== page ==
Research Feature

Rhythmic structures appear to govern our 24-hour body clock

 Two proteins in the brain enrich the ingredients for gene translation every 24-hours, leading to rhythmic changes in the bodies of mice — and perhaps people.

The physiological and biological activity of many living things follows a roughly 24-hour cycle. This so-called circadian rhythm explains why we get sleepy at night and feel more alert in the morning.

It turns out these structures in the brain assemble and disassemble following a daily pattern.

Now scientists have discovered special switches that may control the process: proteins that assemble to form ‘liquid-like condensates’ and then disassemble in the brain every 24 hours, following a rhythmic pattern.

It turns out that the condensation of these proteins plays an important role in controlling various rhythmic physiological processes in the body, including the switch between sleep and wakefulness, as well as the release of hormones, explains Yi Lin, the lead author of a new paper on the find, published in the journal Cell in July 2023.

While the study was carried out on mice, the results could help scientists understand the disruption of circadian rhythms in people with conditions such as diabetes, cancer and depression.

Liquid-like protein condensates in the brain assemble and disassemble following a rhythmic pattern that likely facilitates daily protein synthesis in the human body, among other physiological processes.

Timed translation

Researchers have long been fascinated by how the body’s circadian rhythm tracks the cycle of day and night. They have already unlocked some of the mechanisms, including transcription, translation and modification of the ‘clock genes’ that influence bodily activities such as the release of hormones.

However, a major question has been how these biological processes are controlled on a 24-hour schedule that, for example, makes levels of protein synthesis ebb and flow across a day.

To investigate, a Tsinghua University team looked at the action of proteins called Ataxin-2 and Ataxin-2L in the brain’s suprachiasmatic nucleus, a region of the brain’s hypothalamus that helps manage body temperature, hunger, thirst, mood, sex drive, blood pressure and desire to sleep.

They found that every 24 hours the Ataxin-2 protein formed condensates that locally enrich the ribosomes, translation initiation machinery, and specific RNAs, all of which cells need for gene translation — the process through which proteins are made.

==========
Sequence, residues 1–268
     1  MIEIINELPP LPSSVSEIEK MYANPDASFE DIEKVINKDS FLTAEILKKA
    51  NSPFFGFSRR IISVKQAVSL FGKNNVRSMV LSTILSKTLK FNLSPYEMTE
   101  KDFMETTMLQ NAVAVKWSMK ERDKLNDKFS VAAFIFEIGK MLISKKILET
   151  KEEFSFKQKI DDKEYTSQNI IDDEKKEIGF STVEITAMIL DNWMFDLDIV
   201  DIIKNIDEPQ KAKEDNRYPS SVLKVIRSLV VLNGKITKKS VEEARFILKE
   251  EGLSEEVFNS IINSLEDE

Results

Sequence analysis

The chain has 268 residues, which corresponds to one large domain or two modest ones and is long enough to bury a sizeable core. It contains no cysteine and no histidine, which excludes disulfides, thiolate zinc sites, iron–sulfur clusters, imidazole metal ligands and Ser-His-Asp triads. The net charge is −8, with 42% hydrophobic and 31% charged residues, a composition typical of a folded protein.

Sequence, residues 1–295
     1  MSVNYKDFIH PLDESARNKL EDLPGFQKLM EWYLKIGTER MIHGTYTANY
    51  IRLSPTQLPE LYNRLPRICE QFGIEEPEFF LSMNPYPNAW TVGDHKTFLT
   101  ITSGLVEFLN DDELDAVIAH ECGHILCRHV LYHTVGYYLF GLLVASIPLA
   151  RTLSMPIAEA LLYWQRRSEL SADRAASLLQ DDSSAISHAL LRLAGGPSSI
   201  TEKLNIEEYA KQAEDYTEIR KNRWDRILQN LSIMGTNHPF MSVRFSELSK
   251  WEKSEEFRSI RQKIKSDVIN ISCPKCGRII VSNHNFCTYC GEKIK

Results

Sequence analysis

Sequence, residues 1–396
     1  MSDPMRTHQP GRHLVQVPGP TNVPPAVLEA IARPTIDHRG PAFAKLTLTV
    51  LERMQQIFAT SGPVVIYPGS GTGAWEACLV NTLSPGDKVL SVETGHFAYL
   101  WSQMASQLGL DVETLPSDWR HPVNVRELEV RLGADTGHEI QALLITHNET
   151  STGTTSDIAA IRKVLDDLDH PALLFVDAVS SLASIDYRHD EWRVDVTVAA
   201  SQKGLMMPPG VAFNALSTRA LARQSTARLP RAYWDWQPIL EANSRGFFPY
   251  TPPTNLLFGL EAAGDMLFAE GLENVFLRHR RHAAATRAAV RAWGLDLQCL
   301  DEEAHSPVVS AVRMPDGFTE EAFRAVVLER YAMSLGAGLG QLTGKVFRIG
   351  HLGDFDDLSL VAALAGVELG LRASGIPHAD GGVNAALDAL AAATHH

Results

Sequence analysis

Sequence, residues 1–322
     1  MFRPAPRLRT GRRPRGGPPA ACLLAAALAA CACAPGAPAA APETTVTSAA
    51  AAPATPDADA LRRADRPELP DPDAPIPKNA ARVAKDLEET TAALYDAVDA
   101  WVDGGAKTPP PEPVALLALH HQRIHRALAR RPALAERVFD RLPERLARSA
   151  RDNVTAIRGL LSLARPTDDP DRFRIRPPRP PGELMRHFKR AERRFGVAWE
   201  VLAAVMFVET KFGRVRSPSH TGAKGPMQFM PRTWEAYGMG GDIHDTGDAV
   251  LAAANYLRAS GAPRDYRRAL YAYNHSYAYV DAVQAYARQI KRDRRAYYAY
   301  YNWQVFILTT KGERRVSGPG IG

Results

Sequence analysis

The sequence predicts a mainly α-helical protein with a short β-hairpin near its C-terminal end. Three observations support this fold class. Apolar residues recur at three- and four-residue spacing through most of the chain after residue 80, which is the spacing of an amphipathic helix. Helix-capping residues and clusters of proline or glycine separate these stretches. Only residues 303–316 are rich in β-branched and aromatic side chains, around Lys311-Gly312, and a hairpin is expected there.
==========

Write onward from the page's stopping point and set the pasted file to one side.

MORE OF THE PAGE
Lin says that inside the suprachiasmatic nucleus, the regular enrichment of gene translation machinery by the Ataxin-2 protein boosts the expression of the clock genes Per2 and Cry1, on a 24-hour cycle.

Per2 and Cry1 are associated with processes such as sleep and the release of neurotransmitters, including dopamine. Changes to these genes have also been linked to sleep disorders, neurodegenerative disorders, drug addiction and depression, among other things.

Yi Lin (at center, front row) an Assistant Professor in Tsinghua University’s School of Life Science, and her team.

Treatment take-away

Lab work on human cells has shown similar activity in the two clock genes observed in mice, suggesting that the find could be highly relevant to humans.

“The major circadian clock regulation mechanisms are conserved from mice to humans, including the two genes we studied,” says Lin. “Therefore we believe our research might point to physiological or clinical relevance in humans.”

Ataxin-2 has been found to be associated with multiple neurodegenerative diseases. For example, Ataxin-2 antisense oligonucleotides (ASO), which target RNA and modulate protein expression, have been suggested as a therapy for amyotrophic lateral sclerosis (ALS), a rare neurological disease that affects motor neurons. Considering the Ataxin-2 condensates oscillate along the circadian cycle, the results raise questions about when it is effective to administer such treatments, which should be the basis of further research, says Lin. “The timing of diagnosis and therapeutic interventions should be carefully considered in future,” she points out.


Zhuang, Y., Li, Z., Xiong, S., Sun, C., Li, B. et al. Circadian clocks are modulated by compartmentalized oscillating translation Cell 186 (15), P3245-3260.E23P3245 (2023)) doi: 10.1016/j.cell.2023.05.045

Editor: Guo Lili 

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